I spent most of the weekend hovering over our youngest, trying to reveal unto her the magical mysteries of toilet training. I'll spare you the specifics, but know that it involves acting surprised and excited every fifteen minutes when the kitchen timer sounds, and then spending quality time perched on the edge of the bathtub trying to look neither eager nor disinterested at the habits of my daughter's bowels. We're not ready yet, but the Mrs. and I are trying to get there before that magical window of interest slams shut and effort can no longer be rewarded with stickers and hugs and high-fives. We have a pre-teen: we know what stubborn looks like.
There's not much you can do with your day when it's punctuated by a hand-clapping parade down the hall every fifteen minutes, especially when the thermometer has reached Absurdly Hot at 8:00 AM and threatens not to back down for another fourteen hours. Stuck inside with the air conditioner blasting and our kitchen timer counting down at my elbow, I finally broke down and cracked open my NaNo 2008 draft. I'd managed to edit up through about day four's writing -- all my pages are numbered by day -- and by "edit" I mean "rewrite whole sections in-between the double spaced type." It's not easy, and at every clunky word I was reminding myself how I got here by being the obsessive over-achiever that I am. ("Why stop at 50,000 words?") I hate, hate, hate editing this thing. I don't know why, as it was it truly was a pleasure to write, but then it's far more fun to cook than wash dishes, too. Perhaps it's just this section of the novel, those first exploratory days where I was getting used to the idea of daily typing, and was still sussing out the characters. Once I get started, it's not so awful, but it's still taking me about an hour per page (!) because I insist on redoing whole chunks. And knowing that there's hundreds of pages ahead of me just fills me with a soul-sapping dread.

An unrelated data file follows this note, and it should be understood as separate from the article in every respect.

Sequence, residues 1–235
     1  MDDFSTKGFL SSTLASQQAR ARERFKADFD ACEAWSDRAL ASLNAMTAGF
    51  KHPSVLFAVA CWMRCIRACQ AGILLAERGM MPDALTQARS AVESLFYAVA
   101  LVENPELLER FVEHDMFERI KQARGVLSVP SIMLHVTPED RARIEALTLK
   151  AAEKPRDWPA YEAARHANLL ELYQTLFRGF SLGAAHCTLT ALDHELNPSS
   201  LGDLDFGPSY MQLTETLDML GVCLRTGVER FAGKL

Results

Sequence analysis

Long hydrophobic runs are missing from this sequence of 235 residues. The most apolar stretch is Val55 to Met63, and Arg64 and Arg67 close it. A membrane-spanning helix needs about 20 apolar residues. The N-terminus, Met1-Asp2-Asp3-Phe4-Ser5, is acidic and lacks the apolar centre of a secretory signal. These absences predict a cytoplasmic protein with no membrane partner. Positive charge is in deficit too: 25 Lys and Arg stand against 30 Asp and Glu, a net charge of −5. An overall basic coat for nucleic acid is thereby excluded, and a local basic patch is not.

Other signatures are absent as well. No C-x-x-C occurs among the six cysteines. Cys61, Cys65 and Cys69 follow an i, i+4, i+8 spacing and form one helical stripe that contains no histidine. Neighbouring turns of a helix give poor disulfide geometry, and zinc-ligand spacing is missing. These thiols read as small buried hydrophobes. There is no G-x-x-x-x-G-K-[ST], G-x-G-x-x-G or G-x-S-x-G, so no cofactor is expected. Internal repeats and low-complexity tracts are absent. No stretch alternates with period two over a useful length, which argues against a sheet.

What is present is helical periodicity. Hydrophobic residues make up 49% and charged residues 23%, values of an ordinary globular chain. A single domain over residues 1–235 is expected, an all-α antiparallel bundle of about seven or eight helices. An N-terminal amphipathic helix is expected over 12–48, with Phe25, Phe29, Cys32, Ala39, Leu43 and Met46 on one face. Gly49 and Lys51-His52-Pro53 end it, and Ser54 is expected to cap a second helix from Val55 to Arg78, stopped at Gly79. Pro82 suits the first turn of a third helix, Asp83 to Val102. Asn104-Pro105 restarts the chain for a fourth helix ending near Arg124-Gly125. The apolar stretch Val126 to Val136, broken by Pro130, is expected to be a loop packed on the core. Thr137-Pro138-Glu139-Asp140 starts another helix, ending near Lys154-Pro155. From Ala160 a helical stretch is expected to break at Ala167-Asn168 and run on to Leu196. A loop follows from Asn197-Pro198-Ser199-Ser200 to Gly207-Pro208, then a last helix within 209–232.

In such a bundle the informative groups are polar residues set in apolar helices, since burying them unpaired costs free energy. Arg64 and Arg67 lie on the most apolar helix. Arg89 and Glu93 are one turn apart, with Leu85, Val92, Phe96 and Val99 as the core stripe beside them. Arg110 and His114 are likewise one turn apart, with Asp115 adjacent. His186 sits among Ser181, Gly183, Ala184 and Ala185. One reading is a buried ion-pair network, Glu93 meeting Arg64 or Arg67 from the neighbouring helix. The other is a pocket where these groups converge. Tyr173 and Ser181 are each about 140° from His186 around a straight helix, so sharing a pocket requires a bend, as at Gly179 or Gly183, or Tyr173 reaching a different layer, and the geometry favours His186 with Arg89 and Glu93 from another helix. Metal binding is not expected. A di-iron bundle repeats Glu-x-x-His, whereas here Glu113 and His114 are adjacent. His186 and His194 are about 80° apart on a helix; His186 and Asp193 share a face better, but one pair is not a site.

So I made myself a deal, in the spirit of Anne Lamott's Bird by Bird. All I had to do was the short assignment of editing for fifteen minutes, just until the little timer bell rang, and then I could stop. And I did, fifteen minutes at a time, and then the bell would sound for the Parade, and off we'd march, the toddler and I. Ten minutes later I was back on the sofa, winding up the timer for another wait, and made another deal with myself. Just fifteen more minutes, that's all. And then another fifteen. And another.
Added together, all those little windows passed the time -- I probably edited for around three hours in total, around all those breaks. Normally I hate being constantly interrupted, but this was shockingly productive, taking tiny little fifteen-minute bites out of the novel, with a mandated reward sticker at the end.